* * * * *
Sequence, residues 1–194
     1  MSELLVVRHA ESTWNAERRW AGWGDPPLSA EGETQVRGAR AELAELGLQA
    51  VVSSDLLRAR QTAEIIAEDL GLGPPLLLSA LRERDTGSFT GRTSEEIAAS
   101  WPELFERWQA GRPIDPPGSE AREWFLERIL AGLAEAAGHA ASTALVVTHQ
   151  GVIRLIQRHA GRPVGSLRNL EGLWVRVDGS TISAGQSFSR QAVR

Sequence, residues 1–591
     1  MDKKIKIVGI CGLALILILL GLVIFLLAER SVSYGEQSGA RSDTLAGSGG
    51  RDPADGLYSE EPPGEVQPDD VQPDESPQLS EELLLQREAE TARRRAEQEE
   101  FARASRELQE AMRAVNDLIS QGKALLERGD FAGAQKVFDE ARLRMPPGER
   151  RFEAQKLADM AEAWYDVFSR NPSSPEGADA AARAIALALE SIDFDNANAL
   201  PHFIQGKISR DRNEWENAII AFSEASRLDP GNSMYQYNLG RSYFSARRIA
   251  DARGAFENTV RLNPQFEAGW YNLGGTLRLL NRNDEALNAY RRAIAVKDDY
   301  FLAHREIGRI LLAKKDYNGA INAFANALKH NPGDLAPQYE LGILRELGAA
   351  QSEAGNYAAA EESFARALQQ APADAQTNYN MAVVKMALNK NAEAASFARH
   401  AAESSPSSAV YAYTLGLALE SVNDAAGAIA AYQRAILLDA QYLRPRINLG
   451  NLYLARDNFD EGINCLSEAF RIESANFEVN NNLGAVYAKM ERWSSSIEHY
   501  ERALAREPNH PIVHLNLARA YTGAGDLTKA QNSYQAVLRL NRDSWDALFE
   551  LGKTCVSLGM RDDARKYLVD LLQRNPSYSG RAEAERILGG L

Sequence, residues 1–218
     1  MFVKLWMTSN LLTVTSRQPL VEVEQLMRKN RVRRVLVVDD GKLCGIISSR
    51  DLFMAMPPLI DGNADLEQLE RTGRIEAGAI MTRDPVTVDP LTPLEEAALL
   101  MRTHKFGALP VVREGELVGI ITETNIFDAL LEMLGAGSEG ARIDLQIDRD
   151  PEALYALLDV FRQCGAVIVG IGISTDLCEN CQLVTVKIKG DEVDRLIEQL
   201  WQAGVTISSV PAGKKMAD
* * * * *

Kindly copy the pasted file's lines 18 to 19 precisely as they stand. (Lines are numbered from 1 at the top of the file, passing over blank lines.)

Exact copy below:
   551  LGKTCVSLGM RDDARKYLVD LLQRNPSYSG RAEAERILGG L

Sequence, residues 1–218